But Shapiro insists he came in contact with multiple recruits improperly during their official or unofficial visits going all the way back to 2002.

“Hell yeah, I recruited a lot of kids for Miami,” Shapiro said. “With access to the clubs, access to the strip joints. My house. My boat. We’re talking about high school football players. Not anybody can just get into the clubs or strip joints. Who is going to pay for it and make it happen? That was me.”

The booster said his role went one step farther with the basketball program, when he paid $10,000 to help secure the commitment of recruit DeQuan Jones. Shapiro said the transaction was set up by assistant coach Jake Morton in 2007 who acted as the conduit for the funds, and was later acknowledged by head coach Frank Haith in a one-on-one conversation.

Haith denied Shapiro’s claims through a University of Missouri spokesman. Morton, who is now at Western Kentucky, didn’t return a call seeking comment.

Shapiro also entertained then-prominent AAU basketball coach Moe Hicks in October of 2008, with a nightclub visit that was attended by both Morton and Fernandez.

For the full Yahoo! report – click the link HERE:





WKU football practice notes

16 08 2011

Western Kentucky hit the practice field early this morning for a two-a-day workout, a few notes.

Sophomore running back Antonio Andrews is no longer just a running back.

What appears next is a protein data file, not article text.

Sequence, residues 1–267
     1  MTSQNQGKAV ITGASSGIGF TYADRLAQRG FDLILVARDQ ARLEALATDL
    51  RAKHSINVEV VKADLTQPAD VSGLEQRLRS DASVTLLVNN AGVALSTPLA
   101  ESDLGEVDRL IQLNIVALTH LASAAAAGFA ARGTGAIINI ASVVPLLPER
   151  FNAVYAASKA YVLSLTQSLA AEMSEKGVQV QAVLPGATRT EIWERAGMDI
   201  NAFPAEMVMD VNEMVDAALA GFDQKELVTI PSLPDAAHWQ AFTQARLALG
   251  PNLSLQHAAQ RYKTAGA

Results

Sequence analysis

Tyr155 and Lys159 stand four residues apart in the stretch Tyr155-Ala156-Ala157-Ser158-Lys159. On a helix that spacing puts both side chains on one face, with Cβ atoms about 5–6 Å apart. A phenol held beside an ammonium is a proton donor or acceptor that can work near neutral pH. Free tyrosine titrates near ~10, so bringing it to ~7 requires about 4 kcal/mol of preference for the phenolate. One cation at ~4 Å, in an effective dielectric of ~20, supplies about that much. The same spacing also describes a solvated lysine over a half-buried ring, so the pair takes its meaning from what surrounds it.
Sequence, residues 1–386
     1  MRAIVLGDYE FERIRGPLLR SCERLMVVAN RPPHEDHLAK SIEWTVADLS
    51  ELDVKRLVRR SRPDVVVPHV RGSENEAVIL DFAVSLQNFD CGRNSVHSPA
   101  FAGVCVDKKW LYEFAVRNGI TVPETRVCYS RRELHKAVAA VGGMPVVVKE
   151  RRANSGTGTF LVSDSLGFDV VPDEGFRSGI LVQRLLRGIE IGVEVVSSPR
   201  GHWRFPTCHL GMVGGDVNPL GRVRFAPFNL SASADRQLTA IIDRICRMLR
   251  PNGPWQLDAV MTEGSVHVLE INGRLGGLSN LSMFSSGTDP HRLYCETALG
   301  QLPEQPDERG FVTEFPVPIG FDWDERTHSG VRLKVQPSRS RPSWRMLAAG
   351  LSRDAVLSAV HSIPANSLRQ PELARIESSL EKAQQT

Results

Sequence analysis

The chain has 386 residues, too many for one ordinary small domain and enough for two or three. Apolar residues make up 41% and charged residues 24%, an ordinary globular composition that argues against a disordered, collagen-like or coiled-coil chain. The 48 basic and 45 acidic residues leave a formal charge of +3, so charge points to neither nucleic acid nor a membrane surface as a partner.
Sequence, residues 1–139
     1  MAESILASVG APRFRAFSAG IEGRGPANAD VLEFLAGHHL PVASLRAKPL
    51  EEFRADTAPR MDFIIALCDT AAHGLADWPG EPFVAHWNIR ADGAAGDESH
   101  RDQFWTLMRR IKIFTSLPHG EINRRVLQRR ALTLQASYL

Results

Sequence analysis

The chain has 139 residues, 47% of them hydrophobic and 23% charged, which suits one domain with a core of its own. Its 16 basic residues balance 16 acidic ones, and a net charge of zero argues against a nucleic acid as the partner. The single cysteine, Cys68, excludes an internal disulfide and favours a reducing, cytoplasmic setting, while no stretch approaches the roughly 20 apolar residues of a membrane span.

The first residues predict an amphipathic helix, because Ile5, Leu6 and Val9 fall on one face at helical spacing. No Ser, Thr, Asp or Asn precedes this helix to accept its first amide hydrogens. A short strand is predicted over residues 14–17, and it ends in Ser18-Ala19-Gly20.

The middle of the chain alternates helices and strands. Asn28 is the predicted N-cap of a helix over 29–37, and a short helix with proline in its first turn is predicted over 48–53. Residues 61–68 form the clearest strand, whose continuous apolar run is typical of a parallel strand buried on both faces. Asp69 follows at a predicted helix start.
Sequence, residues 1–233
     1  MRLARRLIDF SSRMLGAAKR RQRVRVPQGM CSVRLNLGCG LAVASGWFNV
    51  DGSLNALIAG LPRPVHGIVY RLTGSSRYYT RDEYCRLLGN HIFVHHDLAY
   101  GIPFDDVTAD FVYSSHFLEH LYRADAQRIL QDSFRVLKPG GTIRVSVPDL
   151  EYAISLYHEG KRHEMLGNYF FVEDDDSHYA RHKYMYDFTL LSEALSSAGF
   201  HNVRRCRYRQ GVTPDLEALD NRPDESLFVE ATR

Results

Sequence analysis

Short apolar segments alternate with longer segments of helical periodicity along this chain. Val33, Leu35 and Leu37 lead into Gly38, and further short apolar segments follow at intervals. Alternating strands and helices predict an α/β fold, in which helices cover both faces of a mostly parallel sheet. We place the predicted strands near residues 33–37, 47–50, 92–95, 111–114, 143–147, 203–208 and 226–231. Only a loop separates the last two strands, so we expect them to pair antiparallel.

The coaching staff has lined him up at running back, wide receiver, quarterback, punt returner and kick returner this season in a role he simply described as a ‘hybrid.’

Andrews says that in a perfect world, he’d have just one position so he could learn to ‘perfect’ it, but he’s excited about having a chance to be on the field in a variety of roles this season.

“They’re just trying to get me on the field,” Andrews said. “They just want the ball in my hand more and want to allow me to make plays. I’m just trying to do whatever I can to help the team get some ‘w’s’ as a whole.”

WKU coach Willie Taggart said that the idea came to him to use Andrews in multiple spots last season, when he got confused as to whether it was Andrews or senior running back Bobby Rainey in the backfield at a given time.

“A few times last year when he got into the game at running back I thought it was Bobby back there,” he said. “Then I’d look over and see Bobby standing next to me – and that’s when I figured out that (Andrews) has something in him, he’s special.